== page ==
When Karl-Anthony Towns revealed in January he had suffered a severe Grade 3 right calf strain on Nov. 28, it didn't come in a Timberwolves press release. It didn't come in a news conference or an interview. Instead, it came when he was venting about his injury on the video-game platform Twitch while he and his teammates played "Call of Duty."
That was the first significant update Towns or the team offered about his injury for the long stretch of time he was out, and it came in the most nontraditional way possible. That moment encapsulated the awkwardness with which all involved handled the last four months concerning Towns' injury.
Towns has often been an open book with the media, an extension of who he is as a person. He is affable, approachable and has served the franchise well and been loyal during some trying times.
Win or lose, Towns always talks when healthy. Not every athlete, especially star athletes and faces of franchises, is like that. This is what made what happened while he missed 52 games puzzling. There was mostly silence as he went through the rehabilitation process, even in the leak-happy and scoop-trading landscape of national NBA media.
In the end, it hurt both Towns and the team in the eyes of the public. His return in Wednesday's victory over Atlanta at Target Center offered a chance to ask him why there was so much silence.
As usual, he gave a thought-out answer and seemed to be saying he was uncomfortable sharing information because a) he had never had this type of soft-tissue injury and b) he didn't know how recovery would go.
"My teammates, they were wondering the same thing," Towns said. "A week goes by, keeps going by, no update. They're trying to figure it out. Like I said, I never had a soft-tissue injury. This was something that was totally different to me than the two wrist injuries I've had. Different experience. I've learned a lot."
Fans on social media questioned Towns about his commitment to rehabilitation as the days went by and he still wasn't practicing. He went on his Twitch stream that January night to vent and offer some clarity.
But why was this the first time this information came out in public? The team never said anything officially about the injury except to say he would be out "several weeks," which became more meaningless as time went on.
Towns and the team also stayed silent about what he termed a "setback" late January. He simply posted a picture of him watching his favorite football team, the Eagles, while wearing a walking boot, which he had shed before that. Coach Chris Finch said then there was no setback, so there seemed to be miscommunication among all parties.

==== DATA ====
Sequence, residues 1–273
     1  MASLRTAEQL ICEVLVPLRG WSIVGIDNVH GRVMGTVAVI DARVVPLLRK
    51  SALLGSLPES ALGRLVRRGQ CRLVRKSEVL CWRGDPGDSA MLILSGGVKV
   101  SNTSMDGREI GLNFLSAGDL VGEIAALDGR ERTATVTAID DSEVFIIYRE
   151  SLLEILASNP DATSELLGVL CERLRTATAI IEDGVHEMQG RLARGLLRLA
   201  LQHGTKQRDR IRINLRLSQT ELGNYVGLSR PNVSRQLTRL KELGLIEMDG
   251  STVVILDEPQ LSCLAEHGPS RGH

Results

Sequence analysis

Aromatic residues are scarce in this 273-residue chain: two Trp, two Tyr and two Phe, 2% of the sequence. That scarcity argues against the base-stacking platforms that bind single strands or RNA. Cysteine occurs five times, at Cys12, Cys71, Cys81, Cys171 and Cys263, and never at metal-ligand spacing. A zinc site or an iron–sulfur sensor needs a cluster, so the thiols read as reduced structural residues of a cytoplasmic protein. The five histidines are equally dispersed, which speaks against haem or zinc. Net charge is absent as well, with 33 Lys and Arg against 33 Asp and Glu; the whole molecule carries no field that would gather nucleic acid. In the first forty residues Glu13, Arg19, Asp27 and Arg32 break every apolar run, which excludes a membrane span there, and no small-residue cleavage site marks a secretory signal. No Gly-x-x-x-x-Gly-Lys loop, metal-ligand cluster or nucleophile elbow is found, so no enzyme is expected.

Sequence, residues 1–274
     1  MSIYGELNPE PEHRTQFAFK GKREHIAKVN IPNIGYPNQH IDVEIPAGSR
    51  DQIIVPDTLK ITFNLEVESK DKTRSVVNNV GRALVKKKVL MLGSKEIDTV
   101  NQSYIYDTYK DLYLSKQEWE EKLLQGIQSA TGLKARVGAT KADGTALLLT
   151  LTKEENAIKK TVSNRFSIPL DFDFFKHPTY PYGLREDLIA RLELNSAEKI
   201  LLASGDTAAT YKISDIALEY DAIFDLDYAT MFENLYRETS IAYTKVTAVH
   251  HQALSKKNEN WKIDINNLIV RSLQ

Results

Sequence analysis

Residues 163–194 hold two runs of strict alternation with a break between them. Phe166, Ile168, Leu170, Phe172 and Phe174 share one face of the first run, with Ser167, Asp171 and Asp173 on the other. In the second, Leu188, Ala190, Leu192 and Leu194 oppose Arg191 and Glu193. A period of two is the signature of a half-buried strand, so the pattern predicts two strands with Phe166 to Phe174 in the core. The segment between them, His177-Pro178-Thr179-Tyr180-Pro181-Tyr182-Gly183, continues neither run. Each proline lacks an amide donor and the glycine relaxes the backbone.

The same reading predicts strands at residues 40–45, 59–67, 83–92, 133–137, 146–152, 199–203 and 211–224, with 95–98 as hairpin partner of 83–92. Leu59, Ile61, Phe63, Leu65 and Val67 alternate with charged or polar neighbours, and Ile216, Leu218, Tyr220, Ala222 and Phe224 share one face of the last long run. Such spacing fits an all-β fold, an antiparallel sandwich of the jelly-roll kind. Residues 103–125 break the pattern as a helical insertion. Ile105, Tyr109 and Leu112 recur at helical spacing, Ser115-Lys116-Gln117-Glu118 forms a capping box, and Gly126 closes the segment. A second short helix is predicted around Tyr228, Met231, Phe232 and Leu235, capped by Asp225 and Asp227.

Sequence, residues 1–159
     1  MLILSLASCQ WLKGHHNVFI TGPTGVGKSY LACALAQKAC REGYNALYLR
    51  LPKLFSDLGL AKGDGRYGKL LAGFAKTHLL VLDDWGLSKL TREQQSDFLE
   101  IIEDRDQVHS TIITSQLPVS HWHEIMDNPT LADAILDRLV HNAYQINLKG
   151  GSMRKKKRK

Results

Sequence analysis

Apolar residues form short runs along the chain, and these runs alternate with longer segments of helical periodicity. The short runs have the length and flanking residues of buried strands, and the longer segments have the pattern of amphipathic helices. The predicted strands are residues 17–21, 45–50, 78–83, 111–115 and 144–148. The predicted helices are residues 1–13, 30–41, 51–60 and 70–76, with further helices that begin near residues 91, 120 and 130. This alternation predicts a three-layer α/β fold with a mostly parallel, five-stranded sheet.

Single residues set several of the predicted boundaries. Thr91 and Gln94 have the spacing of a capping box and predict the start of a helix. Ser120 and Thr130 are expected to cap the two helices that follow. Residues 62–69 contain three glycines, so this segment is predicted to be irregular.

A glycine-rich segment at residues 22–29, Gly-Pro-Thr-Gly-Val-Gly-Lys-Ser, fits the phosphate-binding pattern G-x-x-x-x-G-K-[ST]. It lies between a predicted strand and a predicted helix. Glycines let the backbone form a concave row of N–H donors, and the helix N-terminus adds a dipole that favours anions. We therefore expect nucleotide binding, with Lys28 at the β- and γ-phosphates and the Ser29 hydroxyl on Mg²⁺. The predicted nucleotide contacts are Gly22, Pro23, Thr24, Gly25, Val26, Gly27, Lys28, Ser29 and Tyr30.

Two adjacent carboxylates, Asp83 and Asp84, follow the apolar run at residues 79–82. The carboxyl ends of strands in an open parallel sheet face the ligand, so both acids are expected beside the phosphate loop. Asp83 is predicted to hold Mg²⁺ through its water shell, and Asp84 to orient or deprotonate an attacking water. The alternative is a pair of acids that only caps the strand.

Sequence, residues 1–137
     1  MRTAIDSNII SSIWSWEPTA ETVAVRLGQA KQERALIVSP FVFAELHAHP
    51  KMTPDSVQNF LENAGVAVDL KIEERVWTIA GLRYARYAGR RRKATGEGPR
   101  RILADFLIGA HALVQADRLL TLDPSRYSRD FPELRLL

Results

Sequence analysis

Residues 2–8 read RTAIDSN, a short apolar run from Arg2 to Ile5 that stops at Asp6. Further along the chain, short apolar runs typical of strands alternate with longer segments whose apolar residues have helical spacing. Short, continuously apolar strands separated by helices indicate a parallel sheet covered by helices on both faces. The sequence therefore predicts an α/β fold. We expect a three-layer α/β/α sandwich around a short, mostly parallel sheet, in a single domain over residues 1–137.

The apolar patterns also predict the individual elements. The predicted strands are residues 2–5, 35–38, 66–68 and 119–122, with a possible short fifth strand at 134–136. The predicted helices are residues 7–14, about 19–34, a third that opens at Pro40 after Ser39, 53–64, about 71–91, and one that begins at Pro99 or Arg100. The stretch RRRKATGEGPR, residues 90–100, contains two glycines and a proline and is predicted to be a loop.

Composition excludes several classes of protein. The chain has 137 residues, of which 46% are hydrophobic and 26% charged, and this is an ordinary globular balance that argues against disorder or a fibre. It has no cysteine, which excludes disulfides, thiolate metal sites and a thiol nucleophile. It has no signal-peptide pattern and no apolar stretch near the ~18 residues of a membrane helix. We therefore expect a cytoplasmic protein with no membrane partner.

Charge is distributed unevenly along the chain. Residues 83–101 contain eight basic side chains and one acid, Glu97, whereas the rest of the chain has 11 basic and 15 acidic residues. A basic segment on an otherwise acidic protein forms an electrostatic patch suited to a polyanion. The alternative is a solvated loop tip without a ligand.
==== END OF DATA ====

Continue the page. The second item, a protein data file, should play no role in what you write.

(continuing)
The team offered no information beyond that initial release. Perhaps it was doing so because of the wishes of Towns and his Creative Artists Agency, but the silence was odd, especially compared to the way other teams and other sports handle injury news.
Locally, the Twins and Wild will offer updates on injured players along with occasional interviews with them.
In the NBA, teams like the Warriors, who have some of the biggest stars in the league, regularly offer detailed injury updates and timelines for evaluation. They will then offer updates after each evaluation and sometimes have their sidelined players do press briefings. The Wolves have a policy of not making injured players available to the media.
But Towns showed that policy doesn't really matter if a player wants to speak, especially a star player. He granted interviews to The Athletic and ESPN while he was still out in the past few days, when the team policy was still supposed to apply.
This underscored an important point: If a star player doesn't want to speak or reveal information, he doesn't, and likely nobody can make him do so. It's a fact of life for many teams in the NBA: Deal with how a star wants to handle things, or don't have him at all.
Ultimately, it should be noted Towns has never wavered in his long-term commitment to the Wolves despite many coaching and front-office changes that coincided with several losing seasons. Some others in his position would have asked out of town.
But almost every NBA star has had his moments of awkwardness or drama. Towns is hardly alone or outside the norm here. It's just how the NBA is.
In this case, the vacuum of information allowed people to insert their own speculation. The collective silence created headaches for fans already on edge about how this season has been going. It fostered concerns about a star player's health and reasonable questions that received no answers, no matter whose fault it was.
Maybe all involved learned something from this. Maybe not. Either way, Towns was back in action Wednesday, and when he made two free throws to win the game, all the consternation seemed worth it.
This is the NBA.
"It didn't go as fast as we would like," Towns said. "But at the end of the day, I think everyone is just happy we're at this point."